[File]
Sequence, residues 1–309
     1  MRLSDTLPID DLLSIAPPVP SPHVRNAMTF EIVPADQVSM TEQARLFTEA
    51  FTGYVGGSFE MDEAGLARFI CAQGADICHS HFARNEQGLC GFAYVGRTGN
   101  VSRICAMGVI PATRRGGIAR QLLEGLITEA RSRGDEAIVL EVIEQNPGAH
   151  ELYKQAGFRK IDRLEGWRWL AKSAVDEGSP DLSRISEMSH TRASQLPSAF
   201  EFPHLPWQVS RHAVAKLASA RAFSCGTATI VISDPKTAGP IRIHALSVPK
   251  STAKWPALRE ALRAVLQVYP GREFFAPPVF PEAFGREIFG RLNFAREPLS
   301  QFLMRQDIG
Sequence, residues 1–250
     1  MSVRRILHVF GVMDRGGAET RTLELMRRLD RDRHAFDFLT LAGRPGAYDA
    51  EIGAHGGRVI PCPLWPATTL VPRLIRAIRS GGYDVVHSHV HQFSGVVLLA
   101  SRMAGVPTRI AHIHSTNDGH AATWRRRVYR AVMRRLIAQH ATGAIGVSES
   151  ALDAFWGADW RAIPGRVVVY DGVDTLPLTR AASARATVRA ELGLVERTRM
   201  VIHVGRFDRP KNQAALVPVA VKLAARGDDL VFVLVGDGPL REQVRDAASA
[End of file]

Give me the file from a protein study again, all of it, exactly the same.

Sequence, residues 1–309
     1  MRLSDTLPID DLLSIAPPVP SPHVRNAMTF EIVPADQVSM TEQARLFTEA
    51  FTGYVGGSFE MDEAGLARFI CAQGADICHS HFARNEQGLC GFAYVGRTGN
   101  VSRICAMGVI PATRRGGIAR QLLEGLITEA RSRGDEAIVL EVIEQNPGAH
   151  ELYKQAGFRK IDRLEGWRWL AKSAVDEGSP DLSRISEMSH TRASQLPSAF
   201  EFPHLPWQVS RHAVAKLASA RAFSCGTATI VISDPKTAGP IRIHALSVPK
   251  STAKWPALRE ALRAVLQVYP GREFFAPPVF PEAFGREIFG RLNFAREPLS
   301  QFLMRQDIG
Sequence, residues 1–250
     1  MSVRRILHVF GVMDRGGAET RTLELMRRLD RDRHAFDFLT LAGRPGAYDA
    51  EIGAHGGRVI PCPLWPATTL VPRLIRAIRS GGYDVVHSHV HQFSGVVLLA
   101  SRMAGVPTRI AHIHSTNDGH AATWRRRVYR AVMRRLIAQH ATGAIGVSES
   151  ALDAFWGADW RAIPGRVVVY DGVDTLPLTR AASARATVRA ELGLVERTRM
   201  VIHVGRFDRP KNQAALVPVA VKLAARGDDL VFVLVGDGPL REQVRDAASA